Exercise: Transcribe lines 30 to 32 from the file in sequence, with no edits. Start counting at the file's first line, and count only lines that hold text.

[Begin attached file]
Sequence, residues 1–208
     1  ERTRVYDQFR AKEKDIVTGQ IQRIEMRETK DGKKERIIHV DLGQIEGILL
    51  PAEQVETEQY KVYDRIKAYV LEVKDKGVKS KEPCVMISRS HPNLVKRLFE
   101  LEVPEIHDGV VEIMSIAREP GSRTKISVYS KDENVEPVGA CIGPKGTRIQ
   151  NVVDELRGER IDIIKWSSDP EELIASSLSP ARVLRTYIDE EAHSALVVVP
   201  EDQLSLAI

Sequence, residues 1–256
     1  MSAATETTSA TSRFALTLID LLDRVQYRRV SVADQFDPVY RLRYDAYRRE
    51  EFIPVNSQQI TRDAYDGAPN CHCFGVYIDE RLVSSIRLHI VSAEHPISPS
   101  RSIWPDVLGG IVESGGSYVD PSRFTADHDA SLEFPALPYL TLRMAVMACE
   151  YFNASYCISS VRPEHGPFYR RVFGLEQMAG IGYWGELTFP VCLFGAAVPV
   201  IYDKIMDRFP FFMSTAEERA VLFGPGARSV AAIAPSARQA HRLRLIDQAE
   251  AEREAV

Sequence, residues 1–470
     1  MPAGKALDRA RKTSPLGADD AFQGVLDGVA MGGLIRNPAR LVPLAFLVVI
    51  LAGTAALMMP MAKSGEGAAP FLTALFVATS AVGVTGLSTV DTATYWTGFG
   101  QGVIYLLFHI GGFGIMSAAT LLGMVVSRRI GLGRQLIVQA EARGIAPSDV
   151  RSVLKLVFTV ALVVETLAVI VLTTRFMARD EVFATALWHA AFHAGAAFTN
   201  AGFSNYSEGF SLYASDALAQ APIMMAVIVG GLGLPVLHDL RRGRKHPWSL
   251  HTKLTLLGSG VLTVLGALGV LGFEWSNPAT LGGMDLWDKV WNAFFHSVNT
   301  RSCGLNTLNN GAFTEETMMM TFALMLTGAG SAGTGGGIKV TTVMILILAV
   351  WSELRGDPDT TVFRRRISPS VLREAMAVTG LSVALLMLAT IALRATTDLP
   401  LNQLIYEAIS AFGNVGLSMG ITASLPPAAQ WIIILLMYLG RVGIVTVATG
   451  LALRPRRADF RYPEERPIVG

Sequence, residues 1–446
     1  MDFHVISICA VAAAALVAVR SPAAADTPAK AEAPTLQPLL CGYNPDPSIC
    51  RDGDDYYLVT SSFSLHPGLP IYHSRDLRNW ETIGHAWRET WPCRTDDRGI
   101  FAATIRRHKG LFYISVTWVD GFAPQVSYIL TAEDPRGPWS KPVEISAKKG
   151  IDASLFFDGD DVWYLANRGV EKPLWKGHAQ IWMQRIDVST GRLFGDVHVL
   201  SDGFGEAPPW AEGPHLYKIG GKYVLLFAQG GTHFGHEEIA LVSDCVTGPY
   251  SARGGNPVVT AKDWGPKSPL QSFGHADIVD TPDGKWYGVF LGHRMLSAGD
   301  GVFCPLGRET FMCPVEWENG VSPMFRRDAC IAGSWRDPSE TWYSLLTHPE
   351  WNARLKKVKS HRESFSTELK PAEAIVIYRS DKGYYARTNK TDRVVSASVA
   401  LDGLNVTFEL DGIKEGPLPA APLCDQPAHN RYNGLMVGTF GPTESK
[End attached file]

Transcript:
   201  SDGFGEAPPW AEGPHLYKIG GKYVLLFAQG GTHFGHEEIA LVSDCVTGPY
   251  SARGGNPVVT AKDWGPKSPL QSFGHADIVD TPDGKWYGVF LGHRMLSAGD
   301  GVFCPLGRET FMCPVEWENG VSPMFRRDAC IAGSWRDPSE TWYSLLTHPE